Individuals often get inspired to become heroes based on the examples set by others before them. That concept is clear in The Book Thief when Hans Hubermann demonstrated his heroism by harbouring Max Vandenburg, a Jewish man, during the Holocaust. The father of Max, Erick Vandenburg unintentionally saved Hans’ live during their younger years spent together in the German army. Hans is moved by Erik’s heroism and becomes Max’s hero. Similar to the heroism demonstrated by Hans in The Book Thief is the account of two siblings from Menands, New York who gave up on birthday presents for a great deed.
However, another important lesson is on display, the value and significance of speaking truth to power and authority is shown through courageous and humane actions as well. These actions can influence others to stand up for what is right and can impact society as a whole. This is displayed in The Book Thief, by Markus Zusak. In the novel, the foster father of Liesel Meminger, Hans Hubermann, exhibits courage and humanity. As the actions he displays clearly disagrees with Hitler's point of view.
This is a clear example of conformity. Each one of the other Germans standing motionless is like a sheep following the rest of the herd, or in this case the crowd. Nonetheless, if every German were to act as brave as Hans, perhaps, World War II would have ended much sooner rather than later. Hans displays remarkable courage risking his life for a selfless act. Even though Hans’ decision is impulsive and he may not have been thinking about the consequences, like a child would not think before acting, his actions portray him as humane and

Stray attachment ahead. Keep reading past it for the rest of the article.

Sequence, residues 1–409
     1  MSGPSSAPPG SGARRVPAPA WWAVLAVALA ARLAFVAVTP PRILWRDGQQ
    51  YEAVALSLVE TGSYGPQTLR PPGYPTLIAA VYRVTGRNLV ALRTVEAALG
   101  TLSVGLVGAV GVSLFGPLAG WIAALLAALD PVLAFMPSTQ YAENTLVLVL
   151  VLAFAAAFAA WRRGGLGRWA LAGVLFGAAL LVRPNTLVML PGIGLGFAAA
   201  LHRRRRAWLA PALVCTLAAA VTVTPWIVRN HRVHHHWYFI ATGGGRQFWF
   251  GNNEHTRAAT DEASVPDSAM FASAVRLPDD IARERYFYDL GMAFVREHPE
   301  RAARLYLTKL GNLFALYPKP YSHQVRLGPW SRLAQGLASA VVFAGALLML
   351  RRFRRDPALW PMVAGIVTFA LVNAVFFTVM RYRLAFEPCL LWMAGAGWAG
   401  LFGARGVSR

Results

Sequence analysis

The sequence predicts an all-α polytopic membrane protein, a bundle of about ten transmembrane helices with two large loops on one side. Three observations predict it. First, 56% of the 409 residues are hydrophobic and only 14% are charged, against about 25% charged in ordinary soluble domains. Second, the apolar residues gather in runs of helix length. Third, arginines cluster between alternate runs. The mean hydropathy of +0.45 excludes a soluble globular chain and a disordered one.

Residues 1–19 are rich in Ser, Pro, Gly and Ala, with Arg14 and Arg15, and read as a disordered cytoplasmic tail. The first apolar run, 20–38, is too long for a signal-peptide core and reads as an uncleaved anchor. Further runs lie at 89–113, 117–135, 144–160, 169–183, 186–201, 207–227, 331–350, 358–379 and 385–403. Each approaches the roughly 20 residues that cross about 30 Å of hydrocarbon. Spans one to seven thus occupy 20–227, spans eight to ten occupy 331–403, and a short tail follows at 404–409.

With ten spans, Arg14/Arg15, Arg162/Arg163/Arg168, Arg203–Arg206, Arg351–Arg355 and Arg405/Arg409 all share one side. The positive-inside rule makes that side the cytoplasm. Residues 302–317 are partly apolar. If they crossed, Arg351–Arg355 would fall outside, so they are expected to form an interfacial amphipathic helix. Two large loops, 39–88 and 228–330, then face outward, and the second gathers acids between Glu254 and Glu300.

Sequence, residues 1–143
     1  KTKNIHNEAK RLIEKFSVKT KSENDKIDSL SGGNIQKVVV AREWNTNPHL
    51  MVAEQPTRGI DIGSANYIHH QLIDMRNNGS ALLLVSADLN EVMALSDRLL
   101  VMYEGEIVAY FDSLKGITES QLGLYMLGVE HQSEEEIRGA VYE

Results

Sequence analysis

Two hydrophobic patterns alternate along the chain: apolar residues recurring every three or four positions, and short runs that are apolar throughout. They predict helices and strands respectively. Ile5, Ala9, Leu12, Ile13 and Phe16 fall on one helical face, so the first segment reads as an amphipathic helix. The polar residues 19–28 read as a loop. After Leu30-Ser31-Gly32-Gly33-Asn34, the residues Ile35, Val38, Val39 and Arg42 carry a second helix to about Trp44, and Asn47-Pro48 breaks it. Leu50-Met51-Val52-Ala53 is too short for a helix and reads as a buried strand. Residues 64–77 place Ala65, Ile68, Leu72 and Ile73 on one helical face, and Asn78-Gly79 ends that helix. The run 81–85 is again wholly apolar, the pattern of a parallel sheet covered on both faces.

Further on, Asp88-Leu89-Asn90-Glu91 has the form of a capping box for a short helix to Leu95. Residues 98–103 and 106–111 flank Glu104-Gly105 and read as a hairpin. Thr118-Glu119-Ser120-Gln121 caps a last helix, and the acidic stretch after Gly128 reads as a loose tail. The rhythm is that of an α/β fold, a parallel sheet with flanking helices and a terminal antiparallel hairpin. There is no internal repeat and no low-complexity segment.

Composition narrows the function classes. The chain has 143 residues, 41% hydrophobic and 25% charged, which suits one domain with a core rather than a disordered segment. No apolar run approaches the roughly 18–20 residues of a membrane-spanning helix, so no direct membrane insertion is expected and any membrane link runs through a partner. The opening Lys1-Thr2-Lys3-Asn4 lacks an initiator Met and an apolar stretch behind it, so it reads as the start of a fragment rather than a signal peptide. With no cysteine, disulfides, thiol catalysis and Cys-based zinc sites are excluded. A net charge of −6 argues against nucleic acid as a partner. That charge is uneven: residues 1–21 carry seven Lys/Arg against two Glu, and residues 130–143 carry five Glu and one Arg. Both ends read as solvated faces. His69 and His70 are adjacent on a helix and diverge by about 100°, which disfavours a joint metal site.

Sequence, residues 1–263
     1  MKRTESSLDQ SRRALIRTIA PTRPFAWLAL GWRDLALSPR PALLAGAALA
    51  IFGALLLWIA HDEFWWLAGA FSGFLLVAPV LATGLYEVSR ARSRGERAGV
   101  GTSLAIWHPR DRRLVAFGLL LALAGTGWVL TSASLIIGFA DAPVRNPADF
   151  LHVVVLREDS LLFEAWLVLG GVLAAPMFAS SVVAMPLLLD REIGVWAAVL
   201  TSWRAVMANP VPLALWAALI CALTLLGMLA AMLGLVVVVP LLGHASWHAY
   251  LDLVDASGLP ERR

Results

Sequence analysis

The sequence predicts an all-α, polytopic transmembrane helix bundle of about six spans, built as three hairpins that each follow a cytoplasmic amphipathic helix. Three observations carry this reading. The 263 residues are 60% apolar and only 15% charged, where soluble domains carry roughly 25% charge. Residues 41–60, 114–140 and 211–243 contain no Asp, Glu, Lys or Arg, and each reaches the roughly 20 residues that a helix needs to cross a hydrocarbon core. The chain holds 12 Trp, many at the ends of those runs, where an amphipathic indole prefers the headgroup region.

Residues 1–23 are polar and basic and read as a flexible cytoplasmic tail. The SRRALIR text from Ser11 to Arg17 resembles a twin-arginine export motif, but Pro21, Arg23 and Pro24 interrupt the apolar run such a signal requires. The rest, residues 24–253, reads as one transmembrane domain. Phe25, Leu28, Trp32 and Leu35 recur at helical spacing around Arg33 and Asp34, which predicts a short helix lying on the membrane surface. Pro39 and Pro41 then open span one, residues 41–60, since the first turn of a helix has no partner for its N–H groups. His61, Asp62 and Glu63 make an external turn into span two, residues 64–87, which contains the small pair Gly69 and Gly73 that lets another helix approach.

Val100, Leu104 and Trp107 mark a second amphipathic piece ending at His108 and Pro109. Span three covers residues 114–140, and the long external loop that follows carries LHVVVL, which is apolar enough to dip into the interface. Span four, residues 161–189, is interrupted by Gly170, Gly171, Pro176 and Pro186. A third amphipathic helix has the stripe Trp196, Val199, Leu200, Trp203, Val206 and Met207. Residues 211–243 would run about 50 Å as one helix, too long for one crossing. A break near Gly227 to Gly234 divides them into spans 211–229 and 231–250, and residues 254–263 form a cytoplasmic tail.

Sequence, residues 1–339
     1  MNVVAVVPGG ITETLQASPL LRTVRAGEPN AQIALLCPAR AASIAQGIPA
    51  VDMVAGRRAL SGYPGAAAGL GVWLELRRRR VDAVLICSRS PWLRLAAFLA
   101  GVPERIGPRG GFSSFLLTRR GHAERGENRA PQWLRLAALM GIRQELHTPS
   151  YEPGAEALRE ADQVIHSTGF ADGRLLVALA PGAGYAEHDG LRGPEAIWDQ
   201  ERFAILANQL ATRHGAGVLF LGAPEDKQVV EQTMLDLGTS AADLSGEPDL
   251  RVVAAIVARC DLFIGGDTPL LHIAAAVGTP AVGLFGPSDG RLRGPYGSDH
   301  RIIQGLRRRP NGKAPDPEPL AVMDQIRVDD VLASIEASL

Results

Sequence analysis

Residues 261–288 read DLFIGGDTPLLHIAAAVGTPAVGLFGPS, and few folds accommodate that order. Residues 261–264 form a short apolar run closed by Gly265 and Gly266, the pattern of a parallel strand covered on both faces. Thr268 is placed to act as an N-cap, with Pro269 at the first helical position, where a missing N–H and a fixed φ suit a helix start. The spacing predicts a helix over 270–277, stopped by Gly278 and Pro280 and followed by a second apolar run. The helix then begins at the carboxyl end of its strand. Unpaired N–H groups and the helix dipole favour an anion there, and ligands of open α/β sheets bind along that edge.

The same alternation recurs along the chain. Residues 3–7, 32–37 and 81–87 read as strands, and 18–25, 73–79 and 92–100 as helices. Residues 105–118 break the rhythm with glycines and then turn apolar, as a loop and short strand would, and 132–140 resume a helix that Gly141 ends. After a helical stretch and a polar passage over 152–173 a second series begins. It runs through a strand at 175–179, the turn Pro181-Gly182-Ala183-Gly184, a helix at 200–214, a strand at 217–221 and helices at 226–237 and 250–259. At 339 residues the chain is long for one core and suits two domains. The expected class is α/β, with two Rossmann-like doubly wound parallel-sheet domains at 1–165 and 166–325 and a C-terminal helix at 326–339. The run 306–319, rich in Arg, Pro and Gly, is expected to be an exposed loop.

Humility is a virtue that not all people possess. Even if a person is down, it is still important to prioritize humbleness because it can make him find a light in a sea of darkness. The theme people who are hopeless can still be humble is relevant in Markus Zusak’s The Book Thief as shown through Hans, Max, and Ilsa Hermann, who keep this mentality in mind while trying to overcome hardships. Hans keeps this optimistic thinking in mind from the beginning to the very end. “For Hans Hubermann, this uneasy development was actually a slight reprieve” (Zusak 353).
Opening Paragraph: By showing death has a human-like nature, Mark Zusak, the author of The Book Thief, exemplifies that death does, in fact, have a soul death feels for the people that he has to take to the afterlife. With World War II occurring in Europe, death tells the story of a life of a particular young girl who piques his interests in the midst of a chaotic time in history. Zusak shows author's style by using personification, symbolism, and foreshadowing of death in The Book Thief. By using personification, Zusak shows that death has human-like components and characteristics, he makes this a point when he writes “Even death has a heart” (Zusak 242). Death personified brings a new element to the story, it gives a new point of view on what happens after you pass on.